Wednesday, July 15, 2009

In France.."Those who ask, eat." ODOT finally asks (for rail funding).

When I was on my senior trip a few years ago, me and my parents went to France, which is a country I like to joke about a lot. That aside, they have some really great sayings there. One of the biggest culture shocks is that in Paris people are NOT clamoring to provide a million expensive services to you, in fact, they make it a pain in the ass. When you sit down in restaurants, a waiter will not automatically greet you and all that good stuff, but you have to ASK to eat and literally hail a waiter. "Those who" I actually like that because it is very similar to life, where the only way usually to get what you want is to ask for it, something most Americans do not understand.

For years we've all been complaining about the state of public transit in Oklahoma, and the simple fact that we need to invest way more than we currently are, into the system. This goes true for the city level, state level, and the federal level, which oddly enough for most municipalities that do things right, federal money is the key ingredient. Well, no more (hopefully). ODOT made the first step towards, for the first time ever, formally requesting federal funding for a bona fide Oklahoma high-speed rail link. Not only will it extend the Heartland Flyer up to Tulsa, but it will also include massive upgrades for the existing Heartland Flyer at least down to the Red River, if not all the way to Fort Worth, enabling the entire system to be high-speed.

Top speeds between OKC and Fort Worth would reach 90 mph and an average of over 60 mph (currently the top speed is 79 with an average of 50), while top speeds between OKC and Tulsa would reach 150 mph and an average speed of over 110 mph. This is the future. No longer will Amtrak service for Oklahoma only go to Fort Worth, and no longer will Tulsa be the largest city in the nation not served by Amtrak.

ODOT's cost estimates for the project come in just under $2 billion, a fraction of the $13 billion in federal funds Obama has identified in order to get the ball rolling on high-speed rail. If approved (which in all likelihood, it will be approved for funding, it's just a matter of it covering half of the cost or more, or all..even though the application does NOT require a state match) work could begin in 2010 and riders could be on the system by 2016, which IMO is a pretty aggressive timetable--the kind of thing I like to see for long-overdue projects such as this. Helping the likelihood funding will be secured, is that the ODOT proposal follows exactly what the Obama administration laid out for the South-Central Corridor.

I'd also like to remind folks that we would already have light rail in OKC if a certain former (local!) Congressman had not blocked federal funding that we surely would have gotten to supplement Maps 1. To that extent, it's nice to see that state agencies are once again being proactive in attempting to secure federal funds that as we can see with the Stimulus (not to mention all the other cities that got fed $$ for rail), are just there for the taking.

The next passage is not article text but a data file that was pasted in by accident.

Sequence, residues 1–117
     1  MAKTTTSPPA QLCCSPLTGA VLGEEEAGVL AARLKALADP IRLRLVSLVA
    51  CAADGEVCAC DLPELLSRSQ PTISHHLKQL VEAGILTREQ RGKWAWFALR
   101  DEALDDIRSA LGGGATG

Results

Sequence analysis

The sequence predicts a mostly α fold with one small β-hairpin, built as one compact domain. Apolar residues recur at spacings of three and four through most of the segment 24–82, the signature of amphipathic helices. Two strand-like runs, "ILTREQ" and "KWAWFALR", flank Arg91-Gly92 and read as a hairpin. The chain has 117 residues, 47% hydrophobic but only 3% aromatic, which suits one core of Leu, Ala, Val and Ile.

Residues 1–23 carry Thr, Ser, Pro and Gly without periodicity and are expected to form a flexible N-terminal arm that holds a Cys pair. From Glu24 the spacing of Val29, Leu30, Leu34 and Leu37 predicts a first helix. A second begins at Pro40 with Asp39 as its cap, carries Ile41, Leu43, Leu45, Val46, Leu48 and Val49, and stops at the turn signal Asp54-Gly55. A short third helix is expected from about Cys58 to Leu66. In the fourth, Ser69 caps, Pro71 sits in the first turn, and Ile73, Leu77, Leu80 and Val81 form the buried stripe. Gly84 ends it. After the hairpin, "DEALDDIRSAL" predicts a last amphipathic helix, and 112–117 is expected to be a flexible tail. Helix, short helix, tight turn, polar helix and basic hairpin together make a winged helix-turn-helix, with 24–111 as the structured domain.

Steve said...

Very well written for someone your age! But anything that expands or puts money into Amtrak is not a good idea. In its entire history, it has never been able to support itself without government subsidies. It's time for it to go away altogether, except in dense urban areas (i.e. the east coast). And just because other states take the so-called stimulus money that now put our national deficit at $1 Trillion for the first time in our nations history, doesn't mean it's the right thing to do.

Walker, Downtown Ranger said...

Thanks for your comment Steve! You're completely right that Amtrak is subsidized by the federal government, but so is everything else, especially..especially auto transit. Every time I drive up to Tulsa, there is a massive state subsidy, and I still pay $3.50 each way!

In fact, the maintenance of our roads (which you can see our state does an amazing job of) is so expensive that the funding formula would boggle your mind: 100% of the state's transportation money goes to maintenance, meaning that we can't even build a new road without getting federal money.

Considering the plunder that is income tax and every other tax the feds collect, cashing in on federal funding for projects we can't afford doesn't seem too bad to me!

Auto transit isn't just subsidized like that. It's also subsidized by government bailouts when American automakers can no longer be profitable, and by anyone who owns property who has to include parking with their property, and so on. Auto transit was revolutionary in 1900, but a hundred years later it is no longer sustainable, economically, let alone in other ways. I think at least adding better mass transit infrastructure along with our road infrastructure is the non-communist way to advance transit to where it needs to be.

Steve said...

Auto transit is a great topic, but that turnpike you refer to is under a turnpike authority ... not directly a government program if I understand it correctly - more like a non-profit?

And I've always thought roads and the military are the best things for government to be involved in. And as conservative as I am, I'll defend government/authorities and their relationship with roads in Oklahoma. We have lots of land that need roads, but generally a small population to pay for it. If we want to have people travel through our great state (which is smack dab in the middle of the country) then 44, 35, and 40 need to be well maintained. Remember when the bridge at Weber Falls was destroyed by a wayward river boat?! The quickness that was repaired goes to show how important it is to keep our roads in tip-top shape.

I'm going to like following your blog!